Online Extra: South Carolina: Legislature vs Governor: October/November 2009
By Trevor Burrus
The most publicized recent appropriations dispute between a legislature and a governor arose in the spring when South Carolina Governor Mark Sanford said he would not apply for the State Fiscal Stabilization funds included in American Recovery and Reinvestment Act.
Sanford asked the legislature to focus on cutting the budget rather than buttressing it with federal subsidies because accepting the stimulus money would make the state a party to creating an “unconscionable level of debt.” By taking that position, he laid the foundation for a significant court decision.
ARRA required governors to certify a request for the fiscal stabilization funds within 45 days of the bill’s enactment. Despite Sanford’s initial refusal, on April 3—the final day for certification—he sent a letter to the Office of Management and Budget requesting the funds. The South Carolina Legislature then appropriated the funds.
The governor's certification, however, did not ensure that the funds would be released to the state. As passed, the budget required the governor to take all necessary actions to secure the stabilization funds appropriated in the budget. In response to growing concerns that Sanford would not do so, the General Assembly adopted a concurrent resolution to accept the funds in the event that the governor refused. As expected, Sanford vetoed the relevant provisions of the budget, and the General Assembly overrode the vetoes.
Despite the overridden vetoes, Sanford still refused to apply for the money. He argued that the relevant language of ARRA, as federal legislation, preempted state law and granted state governors absolute discretion to accept or refuse the funds. A lawsuit was filed and the case went to the South Carolina Supreme Court on June 3.
The court had the task of interpreting both state and federal law and determining the interaction between the two. The court decided the governor was obligated to take actions pursuant to laws enacted by the legislature—the overridden vetoes. To hold otherwise, the court emphasized, would not only violate specific provisions of the South Carolina Constitution, but it would also strike a blow to the philosophy of separation of powers.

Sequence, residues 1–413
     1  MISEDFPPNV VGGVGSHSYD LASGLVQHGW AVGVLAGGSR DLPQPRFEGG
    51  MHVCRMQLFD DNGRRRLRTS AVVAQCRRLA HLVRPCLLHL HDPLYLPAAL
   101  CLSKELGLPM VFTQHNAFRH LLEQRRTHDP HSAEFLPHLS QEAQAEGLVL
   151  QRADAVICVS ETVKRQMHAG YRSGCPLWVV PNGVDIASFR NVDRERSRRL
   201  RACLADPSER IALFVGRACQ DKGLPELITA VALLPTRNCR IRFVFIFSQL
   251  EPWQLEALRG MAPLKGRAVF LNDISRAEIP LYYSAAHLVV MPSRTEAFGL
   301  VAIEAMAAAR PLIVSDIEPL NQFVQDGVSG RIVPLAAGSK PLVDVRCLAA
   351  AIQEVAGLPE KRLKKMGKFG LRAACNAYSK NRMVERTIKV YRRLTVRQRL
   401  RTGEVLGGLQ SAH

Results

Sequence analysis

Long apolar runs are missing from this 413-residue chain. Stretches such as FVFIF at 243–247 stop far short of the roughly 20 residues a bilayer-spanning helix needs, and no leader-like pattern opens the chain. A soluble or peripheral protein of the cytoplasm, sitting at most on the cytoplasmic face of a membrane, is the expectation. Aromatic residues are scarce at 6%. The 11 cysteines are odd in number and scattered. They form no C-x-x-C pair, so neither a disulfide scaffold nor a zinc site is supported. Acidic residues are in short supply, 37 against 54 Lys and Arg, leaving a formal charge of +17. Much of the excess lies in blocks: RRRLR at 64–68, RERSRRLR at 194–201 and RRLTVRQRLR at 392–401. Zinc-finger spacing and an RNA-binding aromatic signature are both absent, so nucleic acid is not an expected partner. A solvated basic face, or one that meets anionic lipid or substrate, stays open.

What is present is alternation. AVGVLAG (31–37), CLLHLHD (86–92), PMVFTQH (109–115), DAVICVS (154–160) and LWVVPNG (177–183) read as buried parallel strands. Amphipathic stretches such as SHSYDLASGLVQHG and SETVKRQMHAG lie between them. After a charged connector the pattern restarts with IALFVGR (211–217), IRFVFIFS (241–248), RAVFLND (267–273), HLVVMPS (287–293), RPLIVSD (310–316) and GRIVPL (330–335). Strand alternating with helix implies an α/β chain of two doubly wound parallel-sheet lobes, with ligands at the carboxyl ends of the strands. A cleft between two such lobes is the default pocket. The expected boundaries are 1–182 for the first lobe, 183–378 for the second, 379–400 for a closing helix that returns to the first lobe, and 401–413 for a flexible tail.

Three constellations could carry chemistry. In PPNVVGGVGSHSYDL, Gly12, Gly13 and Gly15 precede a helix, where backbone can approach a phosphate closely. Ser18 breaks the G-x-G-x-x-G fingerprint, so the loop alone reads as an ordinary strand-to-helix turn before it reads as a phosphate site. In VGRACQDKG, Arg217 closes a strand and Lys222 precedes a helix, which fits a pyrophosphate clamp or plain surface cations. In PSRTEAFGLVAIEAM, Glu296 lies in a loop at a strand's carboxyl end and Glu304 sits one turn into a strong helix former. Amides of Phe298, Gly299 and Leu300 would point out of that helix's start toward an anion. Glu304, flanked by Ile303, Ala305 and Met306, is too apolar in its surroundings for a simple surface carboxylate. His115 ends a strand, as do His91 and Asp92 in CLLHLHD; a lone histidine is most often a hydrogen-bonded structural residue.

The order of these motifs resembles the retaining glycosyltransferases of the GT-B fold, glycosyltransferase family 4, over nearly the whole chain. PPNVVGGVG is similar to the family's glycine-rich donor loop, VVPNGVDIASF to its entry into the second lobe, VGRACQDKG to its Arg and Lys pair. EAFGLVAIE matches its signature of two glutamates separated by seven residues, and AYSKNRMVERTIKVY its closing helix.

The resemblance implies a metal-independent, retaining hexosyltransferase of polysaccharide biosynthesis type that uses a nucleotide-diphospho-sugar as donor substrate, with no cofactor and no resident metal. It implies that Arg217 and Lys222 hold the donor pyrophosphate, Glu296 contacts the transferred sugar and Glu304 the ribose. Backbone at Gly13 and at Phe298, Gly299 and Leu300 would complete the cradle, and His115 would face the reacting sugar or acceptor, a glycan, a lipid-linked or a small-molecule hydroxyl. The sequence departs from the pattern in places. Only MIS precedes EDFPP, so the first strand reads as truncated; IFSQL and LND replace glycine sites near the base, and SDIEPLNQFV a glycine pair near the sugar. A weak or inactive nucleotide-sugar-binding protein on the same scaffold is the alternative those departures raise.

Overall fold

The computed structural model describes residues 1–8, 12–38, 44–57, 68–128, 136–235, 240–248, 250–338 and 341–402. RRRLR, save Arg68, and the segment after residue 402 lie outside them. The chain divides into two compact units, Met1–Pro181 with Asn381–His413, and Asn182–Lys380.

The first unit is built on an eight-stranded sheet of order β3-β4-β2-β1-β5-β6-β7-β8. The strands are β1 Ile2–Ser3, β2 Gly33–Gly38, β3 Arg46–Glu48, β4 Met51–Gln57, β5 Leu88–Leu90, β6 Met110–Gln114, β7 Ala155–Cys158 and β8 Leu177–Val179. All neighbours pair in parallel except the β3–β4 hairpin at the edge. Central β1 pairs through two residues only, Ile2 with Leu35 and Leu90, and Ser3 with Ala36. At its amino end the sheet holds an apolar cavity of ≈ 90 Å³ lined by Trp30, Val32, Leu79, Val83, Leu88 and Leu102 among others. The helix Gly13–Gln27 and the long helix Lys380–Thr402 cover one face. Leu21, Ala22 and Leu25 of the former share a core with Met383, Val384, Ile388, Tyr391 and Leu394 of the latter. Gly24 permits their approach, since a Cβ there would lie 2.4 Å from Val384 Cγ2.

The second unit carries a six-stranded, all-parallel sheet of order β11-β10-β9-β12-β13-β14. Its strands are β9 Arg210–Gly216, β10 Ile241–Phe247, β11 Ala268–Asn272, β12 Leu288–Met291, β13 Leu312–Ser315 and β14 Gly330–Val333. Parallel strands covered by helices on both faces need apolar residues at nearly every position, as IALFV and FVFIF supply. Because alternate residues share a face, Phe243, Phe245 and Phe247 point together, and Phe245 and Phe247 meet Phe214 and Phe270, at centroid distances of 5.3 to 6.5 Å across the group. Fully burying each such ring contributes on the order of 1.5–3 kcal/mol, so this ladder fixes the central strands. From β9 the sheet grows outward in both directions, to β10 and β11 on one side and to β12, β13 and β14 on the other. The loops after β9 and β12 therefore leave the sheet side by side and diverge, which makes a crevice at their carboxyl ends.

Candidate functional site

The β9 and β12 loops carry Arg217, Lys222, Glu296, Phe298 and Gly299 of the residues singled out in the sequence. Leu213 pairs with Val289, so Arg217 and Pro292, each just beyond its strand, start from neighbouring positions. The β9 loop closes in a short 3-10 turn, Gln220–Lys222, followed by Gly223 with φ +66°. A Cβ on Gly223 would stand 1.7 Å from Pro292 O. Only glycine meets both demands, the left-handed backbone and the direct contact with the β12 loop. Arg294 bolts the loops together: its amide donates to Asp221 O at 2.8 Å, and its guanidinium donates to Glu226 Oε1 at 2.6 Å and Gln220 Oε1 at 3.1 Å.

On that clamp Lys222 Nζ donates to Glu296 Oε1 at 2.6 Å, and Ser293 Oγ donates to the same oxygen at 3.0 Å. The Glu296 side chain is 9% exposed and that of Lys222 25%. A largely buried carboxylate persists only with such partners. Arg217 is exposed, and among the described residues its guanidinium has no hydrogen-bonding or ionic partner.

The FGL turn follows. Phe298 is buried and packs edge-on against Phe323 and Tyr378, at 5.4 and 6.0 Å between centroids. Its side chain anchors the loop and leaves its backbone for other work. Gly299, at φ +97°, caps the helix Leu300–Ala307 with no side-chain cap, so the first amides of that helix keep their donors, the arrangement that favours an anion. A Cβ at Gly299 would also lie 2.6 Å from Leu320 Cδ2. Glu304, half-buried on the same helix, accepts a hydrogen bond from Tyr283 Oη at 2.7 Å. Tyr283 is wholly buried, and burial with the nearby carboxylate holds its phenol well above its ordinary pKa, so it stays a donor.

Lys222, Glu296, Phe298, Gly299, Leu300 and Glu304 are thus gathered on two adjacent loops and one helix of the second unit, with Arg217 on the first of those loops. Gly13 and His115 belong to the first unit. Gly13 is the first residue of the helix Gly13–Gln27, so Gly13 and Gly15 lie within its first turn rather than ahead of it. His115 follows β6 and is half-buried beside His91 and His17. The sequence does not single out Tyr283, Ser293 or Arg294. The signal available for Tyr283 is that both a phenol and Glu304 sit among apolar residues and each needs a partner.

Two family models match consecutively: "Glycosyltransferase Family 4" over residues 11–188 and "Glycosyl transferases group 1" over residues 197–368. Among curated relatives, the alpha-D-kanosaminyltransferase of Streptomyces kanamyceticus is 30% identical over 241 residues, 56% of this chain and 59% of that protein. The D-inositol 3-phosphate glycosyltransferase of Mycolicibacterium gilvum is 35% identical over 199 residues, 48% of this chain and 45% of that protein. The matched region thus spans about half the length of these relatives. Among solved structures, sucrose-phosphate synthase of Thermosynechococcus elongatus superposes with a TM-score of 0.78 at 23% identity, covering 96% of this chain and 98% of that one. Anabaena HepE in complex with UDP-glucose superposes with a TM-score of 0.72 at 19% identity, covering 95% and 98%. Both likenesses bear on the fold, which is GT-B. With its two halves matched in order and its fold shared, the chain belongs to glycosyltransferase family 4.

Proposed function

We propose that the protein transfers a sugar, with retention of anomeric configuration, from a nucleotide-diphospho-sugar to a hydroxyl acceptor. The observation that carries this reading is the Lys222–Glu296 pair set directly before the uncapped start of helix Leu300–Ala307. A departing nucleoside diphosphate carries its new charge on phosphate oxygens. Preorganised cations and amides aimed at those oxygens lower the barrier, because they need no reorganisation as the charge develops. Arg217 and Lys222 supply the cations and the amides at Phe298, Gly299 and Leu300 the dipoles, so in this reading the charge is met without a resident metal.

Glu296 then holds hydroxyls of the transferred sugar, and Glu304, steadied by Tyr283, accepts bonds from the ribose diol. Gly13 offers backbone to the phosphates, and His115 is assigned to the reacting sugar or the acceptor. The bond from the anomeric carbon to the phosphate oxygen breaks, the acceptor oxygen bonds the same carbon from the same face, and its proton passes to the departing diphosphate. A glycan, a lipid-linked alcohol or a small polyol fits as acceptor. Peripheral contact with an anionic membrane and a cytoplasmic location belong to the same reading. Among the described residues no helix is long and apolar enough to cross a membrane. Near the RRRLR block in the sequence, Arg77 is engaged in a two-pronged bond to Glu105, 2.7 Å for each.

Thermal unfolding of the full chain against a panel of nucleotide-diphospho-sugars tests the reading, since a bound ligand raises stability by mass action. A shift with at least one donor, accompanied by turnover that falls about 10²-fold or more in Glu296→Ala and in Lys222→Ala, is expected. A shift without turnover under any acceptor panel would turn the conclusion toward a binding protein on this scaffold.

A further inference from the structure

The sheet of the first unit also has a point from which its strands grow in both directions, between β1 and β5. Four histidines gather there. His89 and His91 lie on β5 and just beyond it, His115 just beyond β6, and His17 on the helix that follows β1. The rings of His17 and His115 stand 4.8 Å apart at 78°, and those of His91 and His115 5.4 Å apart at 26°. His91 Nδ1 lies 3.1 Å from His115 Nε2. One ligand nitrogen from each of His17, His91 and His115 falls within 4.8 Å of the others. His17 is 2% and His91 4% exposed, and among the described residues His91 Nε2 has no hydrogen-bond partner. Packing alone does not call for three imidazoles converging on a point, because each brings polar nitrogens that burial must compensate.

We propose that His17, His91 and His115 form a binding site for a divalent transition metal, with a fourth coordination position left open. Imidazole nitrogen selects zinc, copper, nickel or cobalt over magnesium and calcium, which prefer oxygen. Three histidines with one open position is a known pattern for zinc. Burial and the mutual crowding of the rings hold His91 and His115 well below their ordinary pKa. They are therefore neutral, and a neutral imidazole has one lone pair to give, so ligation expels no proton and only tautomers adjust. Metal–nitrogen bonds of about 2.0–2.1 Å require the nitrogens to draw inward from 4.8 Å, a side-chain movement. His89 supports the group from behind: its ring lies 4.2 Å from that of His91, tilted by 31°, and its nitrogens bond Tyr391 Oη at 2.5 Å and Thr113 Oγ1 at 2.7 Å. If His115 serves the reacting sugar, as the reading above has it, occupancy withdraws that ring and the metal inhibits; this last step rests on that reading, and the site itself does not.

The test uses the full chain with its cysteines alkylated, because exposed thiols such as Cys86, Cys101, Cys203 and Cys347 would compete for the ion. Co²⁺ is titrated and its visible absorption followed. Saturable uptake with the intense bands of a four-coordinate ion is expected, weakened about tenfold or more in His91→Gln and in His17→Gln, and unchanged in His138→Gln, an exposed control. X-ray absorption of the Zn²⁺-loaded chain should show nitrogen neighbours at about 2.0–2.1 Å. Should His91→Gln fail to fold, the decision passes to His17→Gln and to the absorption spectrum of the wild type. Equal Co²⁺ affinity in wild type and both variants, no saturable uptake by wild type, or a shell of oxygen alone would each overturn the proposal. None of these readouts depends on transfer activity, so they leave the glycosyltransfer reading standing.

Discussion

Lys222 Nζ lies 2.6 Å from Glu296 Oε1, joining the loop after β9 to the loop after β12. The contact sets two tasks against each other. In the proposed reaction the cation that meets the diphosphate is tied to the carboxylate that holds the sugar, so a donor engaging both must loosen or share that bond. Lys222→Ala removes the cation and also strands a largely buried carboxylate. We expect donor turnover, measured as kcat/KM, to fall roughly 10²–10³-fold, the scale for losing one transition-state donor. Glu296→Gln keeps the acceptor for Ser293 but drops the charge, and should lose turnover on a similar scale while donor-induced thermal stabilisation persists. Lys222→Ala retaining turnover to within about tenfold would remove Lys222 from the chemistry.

The question remained whether the state law is at odds with the relevant provisions of recovery act. If the court had accepted Sanford’s contention that the recovery act gives absolute discretion to governors, the two laws would be at an impasse. Under the Supremacy Clause of the U.S. Constitution, this impasse would end with the recovery act prevailing and would cause a drastic restructuring of governmental power in South Carolina.
The court was mindful of this difficulty. In interpreting section 1607 of ARRA, it tried to avoid such conflicts of laws. Where “a statute is susceptible of two constructions, one of which presents grave and doubtful constitutional question, and the other of which avoids those questions, the court’s duty is to adopt the latter,” the court said in its ruling.
It also cited a U.S. Supreme Court ruling that “federal legislation threatening to entrench on states’ arrangements for conducting their own governments should be treated with great skepticism, and read in a way that preserves a states’ chosen disposition of its own power.”
The federal law calls for the governor of the state to submit an application for the funds. In order to avoid a conflict between South Carolina’s constitution and ARRA, the court decided the phrases “desiring to receive” and “seeking a grant” in the sections modify the word state, which meant the request could be made by the General Assembly on behalf of the state.
The Supreme Court of South Carolina’s holding contained idiosyncratic elements unique to South Carolina and the interaction of ARRA, the state constitution and federalism. Not all appropriations disputes feature such a clear collision of state and federal laws. When they do, however, the court’s reasoning could apply to a variety of situations.
When state law butts heads with federal law, courts will often take a path of least resistance toward deciding the issue. In the Sanford case, the path of least resistance was to avoid construing a federal statute as fundamentally altering allocations of power and responsibility within a state. Construing the statute that way could ultimately cause more problems—problems that cut to the heart of federalism—than it would solve. In similar situations future courts may utilize a similar tactic.
Trevor Burrus is an intern in the fiscal program at NCSL.